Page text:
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krabs

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krabs

  1. 1. Fall Semester Final Exam Study Guide Name: _________________________ Period: ________________________ Date: _________________________ The following ideas, theories, or concepts are going to be on the test. You must know them. Unit I 1. Globalization 2. Physical Geography 3. Spatial Distribution 4. Pattern 5. Spatial Perspective 6. Five Themes a. Location i. Location Theory ii. Site iii. Situation b. Place i. Sense of Place ii. Perception of Place c. Human Environment Interaction d. Region i. Formal Region ii. Functional Region iii. Perceptional Region e. Movement i. Spatial Interaction ii. Distance iii. Accessibility iv. Connectivity 7. Four Traditions of Geography a. Man-Land Tradition b. Spatial Tradition c. Area Studies Tradition d. Earth Science Tradition 8. Landscape 9. Cultural Landscape
  2. 2. 10. Sequent Occupance 11. Toponym 12. Vernacular Region Map Skills Terminology: 1. Cartography 2. Reference Map 3. Thematic Map 4. Absolute Location 5. GPS System 6. Geocaching 7. Relative Location 8. Mental Maps 9. Activity Space 10. Generalized Information 11. Generalized Map 12. Remote Sensing 13. GIS 14. Map Components a. Equator b. Prime Meridian c. Lines of Latitude d. Lines of Longitude e. 15. Map Scale a. Graphic Scale b. Representative Fraction 16. Map Types a. Conical b. Cylindrical c. Planar d. Oval 17. Map Projections a. Mercator b. Gnomonic c. Homolosine d. Robinson Geographic Philosophy: 1. Environmental Determinism 2. Possibilism
  3. 3. a. Cultural Ecology b. Isotherms 3. Empiricism 4. Positivism 5. Humanism a. Pragmatism b. Phenomenonology c. Verstehen d. Idealism 6. Marxism a. Historical Materialism b. Forces of Production c. Relation of Production d. Mode of Production e. Infrastructure Unit II: Population: I. Elements of Population Geography: Spatial Aspects of Demography a. Demography: b. Population Distribution: c. Population Density: d. Arithmetic Population Density: e. Physiologic Density: f. Rate of Natural Increase: g. Growth Rate: II. Population Trends-Growth: a. Stationary Population Levels: b. Linear Growth: c. Exponential Growth: d. Doubling Time: III. Population Theories: a. Malthus Population Explosion (1798) b. Harding (Managing societies resources) c. Deevey (Stages of normal growth) d. Neo-Malthusians IV. Population Structure: a. Age-Sex Pyramids: i. What do they tell us about a country? b. Demographic Cycles i. Natural Increase: ii. Crude Birth Rate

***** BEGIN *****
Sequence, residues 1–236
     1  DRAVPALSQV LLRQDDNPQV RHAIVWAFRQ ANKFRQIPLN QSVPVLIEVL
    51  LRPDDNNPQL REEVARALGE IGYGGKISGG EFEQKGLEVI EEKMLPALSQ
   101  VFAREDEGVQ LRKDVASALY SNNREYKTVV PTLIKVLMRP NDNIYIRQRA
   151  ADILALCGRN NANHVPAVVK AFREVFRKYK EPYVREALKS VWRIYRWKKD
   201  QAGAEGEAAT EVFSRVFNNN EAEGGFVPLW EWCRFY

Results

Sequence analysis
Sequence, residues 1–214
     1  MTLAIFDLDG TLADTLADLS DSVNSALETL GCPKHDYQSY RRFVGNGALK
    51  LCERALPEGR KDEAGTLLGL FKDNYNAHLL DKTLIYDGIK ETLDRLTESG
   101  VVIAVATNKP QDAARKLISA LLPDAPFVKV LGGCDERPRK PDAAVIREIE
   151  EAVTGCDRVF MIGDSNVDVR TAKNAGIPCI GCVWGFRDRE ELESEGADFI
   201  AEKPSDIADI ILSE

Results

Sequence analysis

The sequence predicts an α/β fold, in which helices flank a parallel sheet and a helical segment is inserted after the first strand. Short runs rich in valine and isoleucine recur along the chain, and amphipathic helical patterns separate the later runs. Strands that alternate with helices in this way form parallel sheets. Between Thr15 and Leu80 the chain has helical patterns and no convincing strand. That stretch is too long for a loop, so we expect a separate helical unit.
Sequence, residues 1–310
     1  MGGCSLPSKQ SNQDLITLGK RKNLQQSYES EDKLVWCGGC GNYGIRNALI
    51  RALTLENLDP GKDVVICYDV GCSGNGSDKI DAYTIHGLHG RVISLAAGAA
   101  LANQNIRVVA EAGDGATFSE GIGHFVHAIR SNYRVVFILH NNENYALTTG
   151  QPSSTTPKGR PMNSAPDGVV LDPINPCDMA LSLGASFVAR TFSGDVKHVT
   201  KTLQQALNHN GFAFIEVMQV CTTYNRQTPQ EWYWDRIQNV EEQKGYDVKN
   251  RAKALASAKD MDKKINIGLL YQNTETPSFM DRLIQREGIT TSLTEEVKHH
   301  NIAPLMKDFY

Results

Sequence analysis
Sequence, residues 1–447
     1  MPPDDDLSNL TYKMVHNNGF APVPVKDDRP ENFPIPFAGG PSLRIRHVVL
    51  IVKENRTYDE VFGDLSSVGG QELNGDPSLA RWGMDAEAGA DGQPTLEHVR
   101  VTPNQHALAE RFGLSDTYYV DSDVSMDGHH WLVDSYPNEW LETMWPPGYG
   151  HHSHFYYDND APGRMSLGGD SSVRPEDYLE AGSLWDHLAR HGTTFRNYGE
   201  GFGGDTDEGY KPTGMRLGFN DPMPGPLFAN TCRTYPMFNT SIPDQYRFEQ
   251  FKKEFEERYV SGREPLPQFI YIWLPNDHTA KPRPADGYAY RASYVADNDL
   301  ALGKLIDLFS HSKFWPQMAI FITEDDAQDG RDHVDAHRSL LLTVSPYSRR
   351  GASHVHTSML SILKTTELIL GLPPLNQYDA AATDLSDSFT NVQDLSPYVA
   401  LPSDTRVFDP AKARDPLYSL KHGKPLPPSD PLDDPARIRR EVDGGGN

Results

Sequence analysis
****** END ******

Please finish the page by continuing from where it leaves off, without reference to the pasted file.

4. 4. iii. Crude Death Rate: iv. Total Fertility Rate: v. Infant Mortality Rate: V. Demographic Transition Model: a. High Stationary Stage: b. Early Expansion Stage: c. Late Expansion State: d. Low Stationary State: VI. Limited Population Growth: a. Checks on Populations: (natural and manmade) b. Governmental Policies: VII. Calculating Demographic Changes (Total Population = original population / Births – Deaths + Immigration – Emigration): VIII. Migration: a. Factors in Human Migration: i. Absolute vs. Relative Direction: ii. Absolute vs. Relative Distance: iii. Emigration vs. Immigration: b. Reasons for Migration: i. Economic Conditions: ii. Political Situations: iii. War (especially Civil Wars): iv. Environmental Conditions: v. Technological Advances – Information Technology: c. Push Factors / Pull Factors: d. Ravenstein’s Law of Migration: i. For every migration flow there is a counter migration ii. The majority of migrants move short distances iii. Migrants who move longer distances choose urban destinations iv. Urban residents are less migratory than rural residents v. Families are less like to migrate internationally than young adults e. The Gravity Model: i. Definition: ii. Principles of Distance Decay: f. Voluntary vs. Involuntary Migration: g. Dislocation: h. Regions of Dislocation i. Sub-Saharan Africa ii. Southwest Asia iii. North Africa iv. South Asia v. The Balkans
  5. 5. vi. Southeast Asia i. Types of Migration: i. Cyclical Movement: ii. Periodic Movement: iii. Migratory Movement: iv. Seasonal Movement: v. Internal vs. External Movement: j. Controlling Migration: i. Past Methods: ii. Legal Restrictions: iii. Quotas: iv. Illegal Immigration: k. Migration Within the United States: i. Early Migration Westward: ii. 20th Century Migrations: iii. Recent South and Western Migrations: iv. Counter-urbanization: l. Migration Selectivity: m. Migration Stream: n. Migration Counter-stream: Unit III: Political Geography I. States or Countries a. Independent Political Units b. Defined, Permanently Populated Territory c. Full Sovereign Control over Internal and Foreign Affairs d. Exceptions: Colonies and Protectorates II. Stateless Nations a. Palestinians b. Kurds III. Nations a. Group of people with common culture b. Strong sense of unity c. Shared customs and beliefs d. Language and religion similarities IV. Origins and Diffusions of Modern States a. European Model (Greece and Rome) b. Treaty of Westphalia c. Rise of Nationalism: (1684) d. Concept of Sovereignty e. Political Systems in Europe